As can be seen in FIG. 1, the condensing of water vapor from the fully saturated anode exhaust and the isothermal vaporization of the water causes the temperature of the heat rejecting anode exhaust to drop below the temperature of the heat receiving water for a substantial portion of the heat duty (i.e., the water curve is located above the anode exhaust curve for Q values of about 1,100 to about 1750 W). As a result, achieving the required heat transfer between the fluids solely by use of typical heat exchangers may not be feasible for the conditions assumed in FIG. 1, since the transfer of heat in a typical heat exchanger requires the temperature of the thermally conductive separating material to be less than the local bulk fluid temperature of the heat rejecting fluid, and higher than the local bulk fluid temperature of the heat receiving fluid.

Therefore, an additional heating source may be needed to evaporate sufficient water to satisfy the amount of steam required for methane reformation, which can be as high as 1.5 kW in a system with 6.5 kW electrical output. This additional heating source reduces system efficiency.

The inventors discovered that the cathode (i.e., air side) exhaust may be used to evaporate water being provided into the fuel and/or to heat the fuel being provided into the system. By using this alternative approach to the recapture of heat energy in the SOFC fuel cell system, the entire thermodynamic potential of the exhaust gases can be recaptured for preheating of the fuel cell feeds without mass transfer devices such as an enthalpy wheel, or additional heat sources. However, in some systems utilizing this alternative approach, it still may be desirable to utilize mass transfer devices such as an enthalpy wheel, or additional heat sources. The system where the cathode exhaust is used to vaporize water for humidifying the fuel and/or used to heat incoming fuel is also be capable of being passively controlled. However, in some systems where the cathode exhaust is used to vaporize water for humidifying the fuel and/or used to heat incoming fuel, it may be desirable to utilize active control.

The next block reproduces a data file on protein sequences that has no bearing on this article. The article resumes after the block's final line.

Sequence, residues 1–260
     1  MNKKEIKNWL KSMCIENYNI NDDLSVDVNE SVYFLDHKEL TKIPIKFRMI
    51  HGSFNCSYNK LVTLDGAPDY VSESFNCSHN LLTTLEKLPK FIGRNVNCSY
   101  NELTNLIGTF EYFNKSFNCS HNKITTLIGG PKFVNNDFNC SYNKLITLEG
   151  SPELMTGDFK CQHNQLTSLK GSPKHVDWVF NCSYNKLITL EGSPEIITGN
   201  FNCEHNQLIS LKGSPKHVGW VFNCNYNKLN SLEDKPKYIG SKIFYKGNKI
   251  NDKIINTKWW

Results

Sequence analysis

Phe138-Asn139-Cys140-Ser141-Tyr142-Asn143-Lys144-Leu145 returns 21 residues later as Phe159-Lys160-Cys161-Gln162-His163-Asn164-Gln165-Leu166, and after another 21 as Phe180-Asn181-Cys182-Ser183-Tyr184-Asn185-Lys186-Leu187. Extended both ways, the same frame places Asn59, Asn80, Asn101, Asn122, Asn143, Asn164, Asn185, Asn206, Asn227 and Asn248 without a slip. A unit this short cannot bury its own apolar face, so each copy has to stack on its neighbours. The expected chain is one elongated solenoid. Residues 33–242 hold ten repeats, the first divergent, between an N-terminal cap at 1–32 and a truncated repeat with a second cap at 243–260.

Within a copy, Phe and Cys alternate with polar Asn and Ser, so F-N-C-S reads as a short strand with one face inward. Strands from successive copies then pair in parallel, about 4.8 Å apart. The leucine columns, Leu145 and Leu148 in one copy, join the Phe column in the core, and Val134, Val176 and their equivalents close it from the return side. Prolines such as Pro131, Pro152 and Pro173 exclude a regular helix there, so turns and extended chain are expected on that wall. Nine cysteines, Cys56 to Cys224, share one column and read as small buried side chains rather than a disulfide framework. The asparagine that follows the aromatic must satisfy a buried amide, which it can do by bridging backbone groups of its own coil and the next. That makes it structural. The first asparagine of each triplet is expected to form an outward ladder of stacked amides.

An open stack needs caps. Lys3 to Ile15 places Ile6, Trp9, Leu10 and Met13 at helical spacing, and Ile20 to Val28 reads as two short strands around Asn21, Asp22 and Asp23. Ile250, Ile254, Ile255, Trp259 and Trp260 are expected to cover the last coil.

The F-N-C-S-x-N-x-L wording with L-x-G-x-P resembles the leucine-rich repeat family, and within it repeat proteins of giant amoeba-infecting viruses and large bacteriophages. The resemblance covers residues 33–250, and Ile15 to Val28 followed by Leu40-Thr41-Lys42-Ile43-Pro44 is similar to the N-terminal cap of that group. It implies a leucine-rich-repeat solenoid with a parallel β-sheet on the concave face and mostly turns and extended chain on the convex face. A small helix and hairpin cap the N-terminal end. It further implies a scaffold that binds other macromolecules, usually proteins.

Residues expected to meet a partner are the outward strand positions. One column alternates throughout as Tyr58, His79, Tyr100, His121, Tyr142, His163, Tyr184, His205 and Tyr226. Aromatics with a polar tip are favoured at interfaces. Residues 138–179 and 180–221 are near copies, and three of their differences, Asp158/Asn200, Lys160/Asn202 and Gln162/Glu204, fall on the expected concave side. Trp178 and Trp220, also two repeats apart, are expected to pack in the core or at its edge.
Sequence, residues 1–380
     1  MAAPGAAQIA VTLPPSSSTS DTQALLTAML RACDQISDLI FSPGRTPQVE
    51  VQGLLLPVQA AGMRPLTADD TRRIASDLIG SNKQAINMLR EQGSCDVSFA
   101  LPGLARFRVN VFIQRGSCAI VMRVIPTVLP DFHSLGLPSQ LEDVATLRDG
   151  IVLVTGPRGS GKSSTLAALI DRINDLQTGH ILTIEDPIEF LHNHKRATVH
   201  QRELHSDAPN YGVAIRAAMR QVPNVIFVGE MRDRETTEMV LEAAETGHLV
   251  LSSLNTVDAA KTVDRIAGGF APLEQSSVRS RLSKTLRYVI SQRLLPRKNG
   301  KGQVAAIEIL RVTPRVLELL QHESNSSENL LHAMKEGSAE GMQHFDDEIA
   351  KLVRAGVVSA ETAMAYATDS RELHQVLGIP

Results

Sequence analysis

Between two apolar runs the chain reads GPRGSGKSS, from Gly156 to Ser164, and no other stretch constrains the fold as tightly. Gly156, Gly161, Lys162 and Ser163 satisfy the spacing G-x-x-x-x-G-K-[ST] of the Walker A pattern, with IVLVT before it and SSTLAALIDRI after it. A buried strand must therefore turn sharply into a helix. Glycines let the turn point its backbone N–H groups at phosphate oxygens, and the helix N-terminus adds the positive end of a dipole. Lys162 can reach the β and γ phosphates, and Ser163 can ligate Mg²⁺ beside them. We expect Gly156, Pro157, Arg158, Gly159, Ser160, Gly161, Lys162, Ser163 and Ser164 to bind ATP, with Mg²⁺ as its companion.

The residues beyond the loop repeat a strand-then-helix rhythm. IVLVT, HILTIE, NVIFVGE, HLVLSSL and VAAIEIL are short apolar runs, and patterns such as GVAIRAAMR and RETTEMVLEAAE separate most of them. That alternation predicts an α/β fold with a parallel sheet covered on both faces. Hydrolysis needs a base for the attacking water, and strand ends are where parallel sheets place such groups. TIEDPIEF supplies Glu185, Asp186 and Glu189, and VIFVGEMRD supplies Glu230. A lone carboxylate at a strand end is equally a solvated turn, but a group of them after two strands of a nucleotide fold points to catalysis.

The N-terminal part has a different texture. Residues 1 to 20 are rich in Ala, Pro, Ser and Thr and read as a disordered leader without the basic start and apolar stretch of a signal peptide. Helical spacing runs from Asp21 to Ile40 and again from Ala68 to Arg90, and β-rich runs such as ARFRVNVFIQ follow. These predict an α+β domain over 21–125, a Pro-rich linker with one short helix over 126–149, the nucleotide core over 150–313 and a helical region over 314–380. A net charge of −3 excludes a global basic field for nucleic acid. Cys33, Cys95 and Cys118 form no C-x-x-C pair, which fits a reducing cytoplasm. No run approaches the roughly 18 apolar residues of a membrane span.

FIGS. 2 and 3 illustrate a fuel cell system 1 according to a first preferred embodiment of the invention. Preferably, the system 1 is a high temperature fuel cell stack system, such as a solid oxide fuel cell (SOFC) system or a molten carbonate fuel cell system. The system 1 may be a regenerative system, such as a solid oxide regenerative fuel cell (SORFC) system which operates in both fuel cell (i.e., discharge) and electrolysis (i.e., charge) modes or it may be a non-regenerative system which only operates in the fuel cell mode.

The system 1 contains one or more high temperature fuel cell stacks 3. The stack 3 may contain a plurality of SOFCs, SORFCs or molten carbonate fuel cells. Each fuel cell contains an electrolyte, an anode electrode on one side of the electrolyte in an anode chamber, a cathode electrode on the other side of the electrolyte in a cathode chamber, as well as other components, such as separator plates/electrical contacts, fuel cell housing and insulation. In a SOFC operating in the fuel cell mode, the oxidizer, such as air or oxygen gas, enters the cathode chamber, while the fuel, such as hydrogen or hydrocarbon fuel, enters the anode chamber. Any suitable fuel cell designs and component materials may be used.